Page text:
28-30 september


We call it:
Emergent Interaction

Call for abstracts



Leave no one behind

Inclusion and social justice are important dimensions in the development of sustainable and equitable landscapes and should comprise guiding facets to any form of development. Migration and refugee flows across the globe generate – perhaps new¬¬ – forms of socio-spatial inequalities which become challenges but also new opportunities for landscape architects to navigate. Public participation and community engagement is here considered imperative for addressing such challenges in an equitable way.
With Leave no one behind, we call for contributions that explore questions of equity and democracy in landscape planning and design. This could concern the professional community of landscape architects and their methods used, but also a much wider approach that focuses on the premises for any landscape development. Questions to consider include but are not limited to:
• What are the opportunities for participation and community engagement in landscape planning and design?
• How can the design of public spaces and landscapes promote democratic actions and cultural exchange?
• How can landscape architects foster tolerance and acceptance for a diversity of cultural and social expressions?

Act local, think global

The ways in which we act in our local communities impact the resilience of the planet at a global scale. For example, the resources we use but also the lifestyles we perform in our everyday lives will ultimately have global consequences. These lifestyles are very much conditioned by landscape design and solutions which in different ways open up or constrain ways of living. At the same time, global and transnational political agendas such as Agenda 2030 or the European Landscape convention impact the ways in which landscape planning and design are performed locally. The interdependencies between the local and global form complex networks that steer outcomes. To create a resilient and sustainable future for humans and non-humans of the world, we need landscapes in all scales to be planned and designed with a local site-specific knowledge albeit also considers their global effects.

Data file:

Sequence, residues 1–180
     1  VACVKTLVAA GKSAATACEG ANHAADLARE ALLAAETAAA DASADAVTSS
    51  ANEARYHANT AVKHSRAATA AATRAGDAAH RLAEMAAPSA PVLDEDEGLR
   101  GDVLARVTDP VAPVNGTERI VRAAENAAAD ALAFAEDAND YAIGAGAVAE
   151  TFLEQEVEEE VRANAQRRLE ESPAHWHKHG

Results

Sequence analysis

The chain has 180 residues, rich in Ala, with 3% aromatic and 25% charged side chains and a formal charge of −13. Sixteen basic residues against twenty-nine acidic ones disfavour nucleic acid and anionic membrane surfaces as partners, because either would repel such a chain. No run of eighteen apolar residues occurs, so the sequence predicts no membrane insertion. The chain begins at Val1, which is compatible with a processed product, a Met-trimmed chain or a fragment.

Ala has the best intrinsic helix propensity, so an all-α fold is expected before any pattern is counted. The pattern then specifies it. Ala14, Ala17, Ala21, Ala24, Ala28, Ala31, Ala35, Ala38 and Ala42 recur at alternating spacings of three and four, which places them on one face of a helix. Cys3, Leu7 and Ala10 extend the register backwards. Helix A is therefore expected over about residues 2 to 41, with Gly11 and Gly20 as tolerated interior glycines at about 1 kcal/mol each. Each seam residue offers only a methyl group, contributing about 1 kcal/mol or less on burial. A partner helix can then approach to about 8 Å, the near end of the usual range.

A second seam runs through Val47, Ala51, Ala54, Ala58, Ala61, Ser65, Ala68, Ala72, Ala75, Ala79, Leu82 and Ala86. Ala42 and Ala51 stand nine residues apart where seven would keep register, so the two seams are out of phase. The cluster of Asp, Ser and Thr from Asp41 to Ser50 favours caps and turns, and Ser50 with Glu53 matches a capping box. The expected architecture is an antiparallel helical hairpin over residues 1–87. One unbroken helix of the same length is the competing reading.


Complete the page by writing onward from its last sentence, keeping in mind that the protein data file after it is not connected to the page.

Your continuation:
With Act local, think global we call for contributions that explores the dynamic between the local and the global and how they are played out in practice. This also includes opportunities to cross-fertilize traditional landscape approaches with critical tools, knowledge and concepts provided by different professional fields. Questions to consider include but are not limited to:

• How can landscape planning and design develop capacity for solving local problems that have emerged as effects of global issues connected to for example climate change?

• What are the examples of new best practices that tie education, practice and policies together?

• In what ways can landscape architects develop site-specific solutions to enhance a resilient planet?

Beyond borders

Environmental phenomena such as storm water, fires, draughts and air pollution are global challenges which require joined-up efforts. Such phenomena make no distinction between nations or regions, land ownership or professional cultures. Yet somehow, in landscape planning and design, borders are defined and maintained through professional cultures, laws and regulations but also social practices. To address such phenomena, landscape architects have to work in project constellations across disciplines, nations and professions for developing viable solutions.
With Beyond borders, we call for contributions that explores approaches to environmental challenges across borders such as continents, biomes and cultures. This could include learning from best practices across the global South and North divide, but also focusing on the things we share. Questions to consider include but are not limited to:
• What are the challenges and opportunities with multi-disciplinary and trans-disciplinary approaches to solving environmental challenges?
• What lessons emerge from practicing landscape architecture across different cultures?
• How should transboundary resources be planned and designed for their sustainable utilization?


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